Further calls have been made for Scotland’s public health minister to step down in light of record-high drug deaths.
Statistics from National Records of Scotland revealed there were 1,264 drug-related deaths last year, a 6% rise, with Dundee leading the way per head of population.
It means Scotland’s rate is higher than those reported for all EU countries, and is approximately three-and-a-half times that of the UK as a whole.
During First Minister’s Questions on Thursday, Scottish Labour leader Richard Leonard called for public health minister Joe FitzPatrick, who represents Dundee City West, to resign or “be fired” in light of the crisis.
Mr Leonard said the minister’s statement on the matter earlier in the week had been “woeful”.
Ms Sturgeon pledged to “work with” Mr FitzPatrick on the issue.
She said: “Hopefully, as we go forward, while there will be legitimate criticism of this government we can also build consensus on the steps that have to be taken to make sure that we do resolve this and sort what is an unacceptable situation.”
The First Minister also admitted more needs to be done to tackle drug deaths in Scotland as her government was accused of cutting rehabilitation services “to the bone”.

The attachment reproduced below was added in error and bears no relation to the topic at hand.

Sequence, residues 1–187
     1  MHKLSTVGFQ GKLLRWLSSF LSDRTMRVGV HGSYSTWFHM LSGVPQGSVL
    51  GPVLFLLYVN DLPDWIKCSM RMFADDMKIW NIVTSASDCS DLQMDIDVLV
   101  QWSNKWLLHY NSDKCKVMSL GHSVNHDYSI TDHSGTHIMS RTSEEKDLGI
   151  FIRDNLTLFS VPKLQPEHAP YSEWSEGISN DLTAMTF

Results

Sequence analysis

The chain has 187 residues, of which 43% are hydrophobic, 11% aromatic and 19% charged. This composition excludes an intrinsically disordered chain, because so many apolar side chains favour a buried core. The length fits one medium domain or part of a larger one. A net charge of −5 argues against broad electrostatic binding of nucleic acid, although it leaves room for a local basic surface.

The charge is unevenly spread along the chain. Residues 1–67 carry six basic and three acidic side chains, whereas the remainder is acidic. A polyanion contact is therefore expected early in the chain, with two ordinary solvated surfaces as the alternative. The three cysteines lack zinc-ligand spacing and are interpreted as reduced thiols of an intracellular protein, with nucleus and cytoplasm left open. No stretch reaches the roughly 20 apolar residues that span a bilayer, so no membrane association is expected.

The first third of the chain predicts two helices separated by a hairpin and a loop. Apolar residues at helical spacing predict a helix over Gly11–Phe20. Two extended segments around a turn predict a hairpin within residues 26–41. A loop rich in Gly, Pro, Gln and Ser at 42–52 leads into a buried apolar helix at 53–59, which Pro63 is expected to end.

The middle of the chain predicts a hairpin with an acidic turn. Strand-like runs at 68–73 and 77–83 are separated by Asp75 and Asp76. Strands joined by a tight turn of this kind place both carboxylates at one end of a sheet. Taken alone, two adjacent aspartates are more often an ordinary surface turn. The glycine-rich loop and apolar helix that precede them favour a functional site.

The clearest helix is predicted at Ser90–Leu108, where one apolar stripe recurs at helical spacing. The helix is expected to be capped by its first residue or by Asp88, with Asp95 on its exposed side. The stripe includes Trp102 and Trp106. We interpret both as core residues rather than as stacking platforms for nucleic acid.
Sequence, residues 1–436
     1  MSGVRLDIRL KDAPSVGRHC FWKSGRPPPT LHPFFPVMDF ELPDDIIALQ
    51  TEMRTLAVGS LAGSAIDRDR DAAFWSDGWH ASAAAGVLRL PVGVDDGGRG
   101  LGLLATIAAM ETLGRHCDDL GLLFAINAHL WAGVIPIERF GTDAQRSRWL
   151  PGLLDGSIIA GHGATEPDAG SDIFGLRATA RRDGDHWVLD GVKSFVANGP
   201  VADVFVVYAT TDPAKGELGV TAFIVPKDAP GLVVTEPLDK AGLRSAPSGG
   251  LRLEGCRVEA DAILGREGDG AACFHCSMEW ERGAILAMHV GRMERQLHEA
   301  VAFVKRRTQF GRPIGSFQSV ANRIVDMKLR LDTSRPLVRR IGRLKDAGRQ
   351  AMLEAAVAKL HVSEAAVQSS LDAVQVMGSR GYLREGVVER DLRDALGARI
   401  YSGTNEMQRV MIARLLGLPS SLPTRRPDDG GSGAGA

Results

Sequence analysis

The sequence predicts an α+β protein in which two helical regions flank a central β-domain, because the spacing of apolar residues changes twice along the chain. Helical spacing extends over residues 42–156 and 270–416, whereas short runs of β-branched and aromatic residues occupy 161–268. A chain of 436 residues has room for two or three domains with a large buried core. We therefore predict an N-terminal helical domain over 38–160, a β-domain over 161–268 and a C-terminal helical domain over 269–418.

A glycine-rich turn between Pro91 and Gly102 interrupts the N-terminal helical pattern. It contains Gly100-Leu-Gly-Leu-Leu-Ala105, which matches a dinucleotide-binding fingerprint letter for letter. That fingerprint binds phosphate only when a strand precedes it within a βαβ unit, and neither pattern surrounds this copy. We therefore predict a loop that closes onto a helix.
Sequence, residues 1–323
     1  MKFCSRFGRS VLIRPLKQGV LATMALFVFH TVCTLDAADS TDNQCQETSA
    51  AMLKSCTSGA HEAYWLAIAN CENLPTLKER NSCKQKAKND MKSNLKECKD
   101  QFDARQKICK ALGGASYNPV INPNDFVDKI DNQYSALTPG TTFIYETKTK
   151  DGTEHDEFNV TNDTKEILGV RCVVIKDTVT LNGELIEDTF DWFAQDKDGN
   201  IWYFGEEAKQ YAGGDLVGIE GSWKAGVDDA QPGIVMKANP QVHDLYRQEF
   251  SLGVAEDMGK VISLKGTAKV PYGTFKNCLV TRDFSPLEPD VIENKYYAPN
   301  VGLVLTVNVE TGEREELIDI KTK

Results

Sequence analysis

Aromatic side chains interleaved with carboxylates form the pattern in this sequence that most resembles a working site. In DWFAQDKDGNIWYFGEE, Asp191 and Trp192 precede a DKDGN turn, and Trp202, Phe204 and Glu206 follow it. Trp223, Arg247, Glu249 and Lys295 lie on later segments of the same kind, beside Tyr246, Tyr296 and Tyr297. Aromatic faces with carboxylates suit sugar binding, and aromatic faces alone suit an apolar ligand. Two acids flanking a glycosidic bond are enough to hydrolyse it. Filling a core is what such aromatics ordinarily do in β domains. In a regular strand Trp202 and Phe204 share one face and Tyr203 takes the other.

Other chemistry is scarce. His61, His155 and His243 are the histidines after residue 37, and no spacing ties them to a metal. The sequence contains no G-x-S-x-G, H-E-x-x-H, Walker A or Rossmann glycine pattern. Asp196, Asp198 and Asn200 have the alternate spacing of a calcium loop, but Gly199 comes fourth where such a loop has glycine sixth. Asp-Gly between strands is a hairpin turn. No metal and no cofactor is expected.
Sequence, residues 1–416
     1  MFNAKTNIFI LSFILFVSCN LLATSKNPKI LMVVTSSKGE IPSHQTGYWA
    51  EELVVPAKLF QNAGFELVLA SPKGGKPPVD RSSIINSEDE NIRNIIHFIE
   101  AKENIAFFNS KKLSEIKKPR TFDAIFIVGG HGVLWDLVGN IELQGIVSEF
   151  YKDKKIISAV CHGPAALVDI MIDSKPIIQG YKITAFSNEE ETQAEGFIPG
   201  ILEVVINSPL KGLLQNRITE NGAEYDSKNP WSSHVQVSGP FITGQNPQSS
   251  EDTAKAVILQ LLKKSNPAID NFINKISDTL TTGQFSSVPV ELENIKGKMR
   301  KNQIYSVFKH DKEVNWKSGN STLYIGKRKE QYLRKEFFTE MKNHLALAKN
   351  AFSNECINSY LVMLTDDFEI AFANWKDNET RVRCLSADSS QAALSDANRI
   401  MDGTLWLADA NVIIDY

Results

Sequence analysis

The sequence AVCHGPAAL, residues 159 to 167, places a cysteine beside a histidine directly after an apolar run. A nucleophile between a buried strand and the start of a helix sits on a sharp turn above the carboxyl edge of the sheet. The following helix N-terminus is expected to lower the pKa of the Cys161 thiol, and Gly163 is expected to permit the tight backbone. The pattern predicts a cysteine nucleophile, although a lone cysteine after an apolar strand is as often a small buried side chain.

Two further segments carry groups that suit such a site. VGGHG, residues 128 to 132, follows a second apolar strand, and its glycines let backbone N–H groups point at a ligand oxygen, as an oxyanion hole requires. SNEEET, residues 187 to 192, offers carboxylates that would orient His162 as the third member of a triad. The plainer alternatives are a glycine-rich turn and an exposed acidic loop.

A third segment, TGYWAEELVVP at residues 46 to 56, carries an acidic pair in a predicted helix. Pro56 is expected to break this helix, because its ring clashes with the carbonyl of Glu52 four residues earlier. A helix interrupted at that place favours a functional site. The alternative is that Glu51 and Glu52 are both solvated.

She said the figures are “completely unacceptable” as she noted that behind every statistic is a “human being whose life mattered”.
The First Minister said: “I think many of the criticisms are valid and legitimate and we have got much work to do in order to ensure that we sort the problem of people dying avoidably from drugs.
“These are real people whose lives matter and I am absolutely determined that we take the actions to fix this.”
Speaking later, the first minister’s official spokesman said Ms Sturgeon will take a more direct and personal role in Scotland’s drug deaths crisis in the future, including attending the drug deaths taskforce’s next meeting on January 12.
However, he stressed the issue will remain in Mr FitzPatrick’s brief as public health minister, despite the first minister’s involvement. He was unable to say whether Ms Sturgeon intends to come back with more funding and specific action in January, or with further recommendations, similar to those put forward by the taskforce last year.
Asked whether the first minister has confidence that Mr Fitzpatrick is the right person to turn around the crisis, the spokesman replied: “Yes.”
He added: “The first minister was very frank about the fact that this is something that we need to try and fix but it’s a problem that has been many, many years in the making, not just one or two or five or 10 years.
“We’re talking something that has been many years in the making, it’s not just going to be fixed by one person.”
Earlier this week Mr FitzPatrick cited “a range of new and innovative approaches”, including Scotland’s first heroin assisted treatment service in Glasgow.